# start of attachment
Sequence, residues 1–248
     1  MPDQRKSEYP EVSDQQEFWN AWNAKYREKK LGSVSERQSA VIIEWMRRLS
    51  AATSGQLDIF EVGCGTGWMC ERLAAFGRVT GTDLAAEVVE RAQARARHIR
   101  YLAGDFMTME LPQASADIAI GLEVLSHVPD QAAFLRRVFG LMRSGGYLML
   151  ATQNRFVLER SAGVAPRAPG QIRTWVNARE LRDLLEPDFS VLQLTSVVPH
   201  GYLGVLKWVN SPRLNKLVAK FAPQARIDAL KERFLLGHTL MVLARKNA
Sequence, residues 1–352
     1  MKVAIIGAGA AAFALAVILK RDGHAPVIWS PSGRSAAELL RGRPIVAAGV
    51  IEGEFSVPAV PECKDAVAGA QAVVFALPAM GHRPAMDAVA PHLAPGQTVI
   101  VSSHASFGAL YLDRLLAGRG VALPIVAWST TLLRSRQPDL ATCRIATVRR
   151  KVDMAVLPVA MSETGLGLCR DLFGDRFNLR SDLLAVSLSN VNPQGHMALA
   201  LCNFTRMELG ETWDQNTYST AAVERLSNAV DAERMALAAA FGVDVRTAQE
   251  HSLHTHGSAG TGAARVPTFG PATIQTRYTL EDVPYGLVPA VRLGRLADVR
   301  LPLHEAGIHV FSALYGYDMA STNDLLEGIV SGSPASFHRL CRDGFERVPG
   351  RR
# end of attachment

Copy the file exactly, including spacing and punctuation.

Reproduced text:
Sequence, residues 1–248
     1  MPDQRKSEYP EVSDQQEFWN AWNAKYREKK LGSVSERQSA VIIEWMRRLS
    51  AATSGQLDIF EVGCGTGWMC ERLAAFGRVT GTDLAAEVVE RAQARARHIR
   101  YLAGDFMTME LPQASADIAI GLEVLSHVPD QAAFLRRVFG LMRSGGYLML
   151  ATQNRFVLER SAGVAPRAPG QIRTWVNARE LRDLLEPDFS VLQLTSVVPH
   201  GYLGVLKWVN SPRLNKLVAK FAPQARIDAL KERFLLGHTL MVLARKNA
Sequence, residues 1–352
     1  MKVAIIGAGA AAFALAVILK RDGHAPVIWS PSGRSAAELL RGRPIVAAGV
    51  IEGEFSVPAV PECKDAVAGA QAVVFALPAM GHRPAMDAVA PHLAPGQTVI
   101  VSSHASFGAL YLDRLLAGRG VALPIVAWST TLLRSRQPDL ATCRIATVRR
   151  KVDMAVLPVA MSETGLGLCR DLFGDRFNLR SDLLAVSLSN VNPQGHMALA
   201  LCNFTRMELG ETWDQNTYST AAVERLSNAV DAERMALAAA FGVDVRTAQE
   251  HSLHTHGSAG TGAARVPTFG PATIQTRYTL EDVPYGLVPA VRLGRLADVR
   301  LPLHEAGIHV FSALYGYDMA STNDLLEGIV SGSPASFHRL CRDGFERVPG
   351  RR